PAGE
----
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How to Rivet Knife Handles on a Knife

Updated February 21, 2017

One often overlooked aspect of home safety is knife condition. A knife is a tool that has many uses and takes much abuse. Most people pay no attention to the condition of their knives until the neglect leads to an accident. A cracked or missing knife handle will not allow the user to gain a proper hold, causing a slip that leads to a cut. Replacing a knife handle involves removing the old handle, or what is left of it, and replacing it with a new set of handle slabs. Then, your knife will be safe and ready to use again.

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  1. Shape and smooth the wooden handle slabs with fine grit sandpaper. Wipe away excess dust with a clean, dry rag.

  2. Sand the metal knife tang with your sandpaper to clean away debris and scuff the metal to prepare it for the epoxy. Wipe away debris with a dry rag.

  3. Mix recommended amounts of epoxy resin and hardening agent in a plastic bowl. Stir with a plastic knife.

  4. Brush the epoxy onto the knife tang on both sides with your paint brush. Place the wooden slabs in place on the tang of the knife. Paint epoxy onto the male ends of the rivets. Slide the rivets into place through the handle and tang. Place a block of wood on each side of the knife handle and tap each side to lock the rivets in place.

  5. Place a C clamp onto the blocks at each end. Allow the epoxy to cure for 24 hours. Remove the clamps and sand away the excess epoxy. Wipe the knife clean with a rag.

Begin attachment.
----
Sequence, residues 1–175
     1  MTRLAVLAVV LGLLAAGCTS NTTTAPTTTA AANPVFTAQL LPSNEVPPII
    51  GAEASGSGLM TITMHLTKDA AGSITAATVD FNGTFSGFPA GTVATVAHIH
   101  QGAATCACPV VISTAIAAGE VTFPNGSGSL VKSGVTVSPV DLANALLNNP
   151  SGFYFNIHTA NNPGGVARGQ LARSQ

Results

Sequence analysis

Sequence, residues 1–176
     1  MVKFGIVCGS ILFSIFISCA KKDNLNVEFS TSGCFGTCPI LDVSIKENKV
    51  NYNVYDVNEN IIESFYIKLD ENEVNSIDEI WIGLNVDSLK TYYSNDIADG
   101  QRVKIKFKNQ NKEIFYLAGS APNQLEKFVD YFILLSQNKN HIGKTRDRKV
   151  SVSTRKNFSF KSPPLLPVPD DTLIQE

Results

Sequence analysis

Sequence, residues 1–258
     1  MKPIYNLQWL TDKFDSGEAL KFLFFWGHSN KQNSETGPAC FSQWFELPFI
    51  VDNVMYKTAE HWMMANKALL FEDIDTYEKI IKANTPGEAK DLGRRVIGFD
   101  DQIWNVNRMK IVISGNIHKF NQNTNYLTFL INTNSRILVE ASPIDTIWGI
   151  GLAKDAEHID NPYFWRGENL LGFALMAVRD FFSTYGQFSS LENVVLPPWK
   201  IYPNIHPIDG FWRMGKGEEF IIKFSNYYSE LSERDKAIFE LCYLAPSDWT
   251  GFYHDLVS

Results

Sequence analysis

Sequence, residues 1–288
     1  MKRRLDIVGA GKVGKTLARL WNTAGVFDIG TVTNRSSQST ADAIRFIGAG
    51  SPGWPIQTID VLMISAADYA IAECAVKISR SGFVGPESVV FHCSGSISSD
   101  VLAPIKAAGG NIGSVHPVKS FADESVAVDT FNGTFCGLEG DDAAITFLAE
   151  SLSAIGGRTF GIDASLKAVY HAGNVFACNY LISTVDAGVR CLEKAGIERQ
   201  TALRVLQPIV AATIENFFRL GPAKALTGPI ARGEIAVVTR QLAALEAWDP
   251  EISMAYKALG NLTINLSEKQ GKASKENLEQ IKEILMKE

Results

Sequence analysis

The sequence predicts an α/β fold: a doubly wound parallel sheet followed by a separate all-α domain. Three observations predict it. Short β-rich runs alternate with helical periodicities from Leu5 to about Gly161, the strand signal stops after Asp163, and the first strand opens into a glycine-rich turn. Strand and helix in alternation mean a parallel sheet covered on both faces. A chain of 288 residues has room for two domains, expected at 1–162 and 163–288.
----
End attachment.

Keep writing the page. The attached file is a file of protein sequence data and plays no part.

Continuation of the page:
6. Warning

    Working with knives is hazardous. Always be aware of where your hands are in relation to the knife blade. Epoxy should only be used outdoors or in a well-ventilated area.

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Things You'll Need

  • Fine grit sandpaper
  • Wooden handle slabs
  • Clean, dry rags
  • Metal knife blade/tang
  • Epoxy resin with hardening agent
  • Plastic bowl and knife
  • 1-inch paint brush
  • Rivets
  • 2 blocks of wood (1x2x6 inches)
  • Rubber mallet
  • C clamps

About the Author

After learning electronics in the U.S. Navy in the 1980s, Danny Donahue spent a lifetime in the construction industry. He has worked with some of the finest construction talent in the Southeastern United States. Donahue has been a freelance writer since 2008, focusing his efforts on his beloved construction projects.

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